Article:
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If NSA surveillance program ends, phone record trove will endure

Christi Parsons Tribune News Service

WASHINGTON – The National Security Agency will mothball its mammoth archive of Americans’ telephone records, isolating the computer servers where they are stored and blocking investigators’ access, but will not destroy the database if its legal authority to collect the material expires on schedule this Sunday, officials said Thursday.

The NSA’s determination to keep billions of domestic toll records for counterterrorism and espionage investigations adds another note of uncertainty to a debate that pits the Obama administration’s national security team against opponents who argue the government data trove violates Americans’ privacy and civil liberties.

The political and legal dispute will come to a head Sunday when the Republican-led Senate returns to work a day early to seek a resolution – hours before the law used to authorize the controversial NSA program, and several other key counterterrorism provisions, expires at 11:59 p.m.

The final eight hours – starting at 3:59 p.m. Eastern time Sunday – will see a flurry of activity at U.S. phone companies and at the NSA as engineers take down servers, reconfigure monitoring software and unplug hardware from the main pipeline of telephone data traffic, according to several senior administration officials.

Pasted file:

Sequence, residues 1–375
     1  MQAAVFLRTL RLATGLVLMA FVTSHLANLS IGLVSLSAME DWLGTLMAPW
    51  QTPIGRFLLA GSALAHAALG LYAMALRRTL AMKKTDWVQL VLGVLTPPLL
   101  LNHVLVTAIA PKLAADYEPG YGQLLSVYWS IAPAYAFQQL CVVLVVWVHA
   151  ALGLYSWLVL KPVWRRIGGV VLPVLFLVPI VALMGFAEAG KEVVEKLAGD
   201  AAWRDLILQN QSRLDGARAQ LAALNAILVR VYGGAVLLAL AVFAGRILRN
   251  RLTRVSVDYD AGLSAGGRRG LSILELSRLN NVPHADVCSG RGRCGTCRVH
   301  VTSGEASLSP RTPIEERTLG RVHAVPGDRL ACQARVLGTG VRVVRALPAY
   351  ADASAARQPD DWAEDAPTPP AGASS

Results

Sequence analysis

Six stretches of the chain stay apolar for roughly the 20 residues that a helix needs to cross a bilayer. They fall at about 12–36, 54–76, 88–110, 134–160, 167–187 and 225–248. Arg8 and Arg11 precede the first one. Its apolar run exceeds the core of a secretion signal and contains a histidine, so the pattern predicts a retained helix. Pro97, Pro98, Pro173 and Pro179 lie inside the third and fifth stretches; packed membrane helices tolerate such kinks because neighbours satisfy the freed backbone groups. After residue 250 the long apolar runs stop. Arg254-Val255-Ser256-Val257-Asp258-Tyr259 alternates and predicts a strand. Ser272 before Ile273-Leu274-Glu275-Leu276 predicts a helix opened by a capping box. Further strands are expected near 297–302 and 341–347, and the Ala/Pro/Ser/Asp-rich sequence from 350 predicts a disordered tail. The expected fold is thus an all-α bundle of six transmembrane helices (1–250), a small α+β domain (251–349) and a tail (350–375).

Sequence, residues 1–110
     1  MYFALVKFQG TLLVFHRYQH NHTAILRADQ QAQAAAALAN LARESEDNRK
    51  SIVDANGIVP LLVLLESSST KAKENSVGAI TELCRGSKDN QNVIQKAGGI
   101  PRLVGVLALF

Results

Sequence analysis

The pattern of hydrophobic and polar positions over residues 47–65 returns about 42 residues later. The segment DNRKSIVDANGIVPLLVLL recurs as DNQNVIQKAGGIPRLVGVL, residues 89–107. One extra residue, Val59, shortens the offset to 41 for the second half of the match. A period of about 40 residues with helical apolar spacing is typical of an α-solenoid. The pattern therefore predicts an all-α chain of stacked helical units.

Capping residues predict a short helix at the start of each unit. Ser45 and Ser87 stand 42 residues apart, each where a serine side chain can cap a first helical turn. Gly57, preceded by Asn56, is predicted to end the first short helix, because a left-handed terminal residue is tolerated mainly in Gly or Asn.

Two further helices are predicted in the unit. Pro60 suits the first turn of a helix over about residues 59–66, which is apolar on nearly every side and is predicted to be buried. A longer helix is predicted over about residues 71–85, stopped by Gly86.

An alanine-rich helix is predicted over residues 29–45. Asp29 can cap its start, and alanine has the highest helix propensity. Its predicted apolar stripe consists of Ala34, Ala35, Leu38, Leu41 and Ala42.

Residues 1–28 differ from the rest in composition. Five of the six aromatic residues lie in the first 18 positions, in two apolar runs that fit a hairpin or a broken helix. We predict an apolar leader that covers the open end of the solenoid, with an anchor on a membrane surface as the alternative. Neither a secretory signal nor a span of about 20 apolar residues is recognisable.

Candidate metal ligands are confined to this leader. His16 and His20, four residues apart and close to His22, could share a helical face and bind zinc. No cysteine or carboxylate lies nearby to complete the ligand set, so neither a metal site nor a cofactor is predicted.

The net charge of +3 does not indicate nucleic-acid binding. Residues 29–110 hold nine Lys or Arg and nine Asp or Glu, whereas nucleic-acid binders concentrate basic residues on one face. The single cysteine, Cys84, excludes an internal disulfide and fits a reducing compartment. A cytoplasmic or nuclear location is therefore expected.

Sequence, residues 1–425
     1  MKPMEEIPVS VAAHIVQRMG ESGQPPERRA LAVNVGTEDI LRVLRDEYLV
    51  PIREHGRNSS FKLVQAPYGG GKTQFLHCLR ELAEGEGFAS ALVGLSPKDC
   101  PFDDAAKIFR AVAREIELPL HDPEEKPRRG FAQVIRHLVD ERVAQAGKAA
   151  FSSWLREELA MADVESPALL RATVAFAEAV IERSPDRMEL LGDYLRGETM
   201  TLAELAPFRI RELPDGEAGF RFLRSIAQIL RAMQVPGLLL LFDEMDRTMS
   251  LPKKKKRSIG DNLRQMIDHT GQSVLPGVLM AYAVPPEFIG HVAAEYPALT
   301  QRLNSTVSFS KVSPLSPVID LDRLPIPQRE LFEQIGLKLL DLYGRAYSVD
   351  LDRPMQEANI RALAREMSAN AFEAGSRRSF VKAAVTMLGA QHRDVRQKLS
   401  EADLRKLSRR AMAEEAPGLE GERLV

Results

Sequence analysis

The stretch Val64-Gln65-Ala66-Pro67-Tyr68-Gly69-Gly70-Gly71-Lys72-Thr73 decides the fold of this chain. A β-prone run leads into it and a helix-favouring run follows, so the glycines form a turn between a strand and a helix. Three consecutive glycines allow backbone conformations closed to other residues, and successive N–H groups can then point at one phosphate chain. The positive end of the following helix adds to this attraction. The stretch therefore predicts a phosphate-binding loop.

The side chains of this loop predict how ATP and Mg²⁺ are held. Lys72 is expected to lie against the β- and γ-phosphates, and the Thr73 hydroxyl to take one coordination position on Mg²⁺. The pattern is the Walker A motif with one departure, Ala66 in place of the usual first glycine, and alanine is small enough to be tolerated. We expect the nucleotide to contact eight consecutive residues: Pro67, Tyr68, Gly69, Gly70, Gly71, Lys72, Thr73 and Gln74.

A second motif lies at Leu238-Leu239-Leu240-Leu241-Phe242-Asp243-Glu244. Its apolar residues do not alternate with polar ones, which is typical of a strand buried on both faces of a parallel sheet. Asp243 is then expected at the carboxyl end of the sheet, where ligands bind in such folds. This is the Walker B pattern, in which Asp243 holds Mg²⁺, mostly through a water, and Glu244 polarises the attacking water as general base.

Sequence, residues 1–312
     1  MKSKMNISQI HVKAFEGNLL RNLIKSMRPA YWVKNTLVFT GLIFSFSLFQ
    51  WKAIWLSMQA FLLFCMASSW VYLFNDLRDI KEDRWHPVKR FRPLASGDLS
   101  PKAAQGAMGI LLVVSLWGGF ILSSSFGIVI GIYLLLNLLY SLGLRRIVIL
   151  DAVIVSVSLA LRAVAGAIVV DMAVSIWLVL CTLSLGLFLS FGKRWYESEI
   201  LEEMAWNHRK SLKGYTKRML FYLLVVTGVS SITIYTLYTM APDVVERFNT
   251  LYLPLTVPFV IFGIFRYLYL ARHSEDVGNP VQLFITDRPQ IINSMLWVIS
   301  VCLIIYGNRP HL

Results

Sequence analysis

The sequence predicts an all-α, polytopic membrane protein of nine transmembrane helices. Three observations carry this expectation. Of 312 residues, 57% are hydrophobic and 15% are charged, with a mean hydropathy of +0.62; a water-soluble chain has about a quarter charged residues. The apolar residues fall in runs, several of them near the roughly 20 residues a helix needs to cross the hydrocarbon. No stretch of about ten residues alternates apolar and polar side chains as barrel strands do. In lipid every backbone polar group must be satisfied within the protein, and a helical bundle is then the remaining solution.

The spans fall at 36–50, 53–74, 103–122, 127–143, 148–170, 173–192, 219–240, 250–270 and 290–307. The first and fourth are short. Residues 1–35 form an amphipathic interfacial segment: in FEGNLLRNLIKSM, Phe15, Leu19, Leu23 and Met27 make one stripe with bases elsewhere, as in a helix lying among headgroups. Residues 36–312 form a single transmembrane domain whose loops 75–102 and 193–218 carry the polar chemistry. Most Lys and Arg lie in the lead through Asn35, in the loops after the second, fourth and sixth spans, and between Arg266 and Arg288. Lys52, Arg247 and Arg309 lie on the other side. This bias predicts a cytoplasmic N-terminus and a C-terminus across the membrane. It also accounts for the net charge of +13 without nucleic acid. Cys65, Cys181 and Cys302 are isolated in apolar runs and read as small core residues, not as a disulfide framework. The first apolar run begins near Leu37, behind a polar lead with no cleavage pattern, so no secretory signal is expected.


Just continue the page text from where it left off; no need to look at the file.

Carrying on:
If the Senate stalemate pushes past 7:59 p.m., holes in the incoming data will begin to appear – and will grow – until nothing is collected after midnight, the officials said, speaking on condition of anonymity to discuss internal planning.

“We’re in uncharted waters,” one official said. “We have not had to confront addressing the terrorist threat without these authorities. And it’s going to be fraught with unnecessary risk.”

At that point, even if the Senate acts, the officials said it could take three or four days to go back to the Foreign Intelligence Surveillance Court, also known as the FISA court, for a legal order to restart the system and to reboot the complex data transfer networks at the telephone companies and at the NSA headquarters at Fort Meade, Maryland.

Any Senate action short of approving legislation that already has passed the House will result in a gap in the NSA archive of so-called metadata – records that show the time, date and numbers called, but not the contents – of virtually every domestic phone call.

Letting the bulk collection program go dark even for a few days is “playing national security Russian roulette,” said another official, and “hoping that we don’t have an instance where the FBI needs (the data) to do a national security investigation.”

If lawmakers vote before 8 p.m. Sunday, the NSA could reverse the shutdown and prevent a gap, the officials said. But that last-hour possibility appears unlikely.

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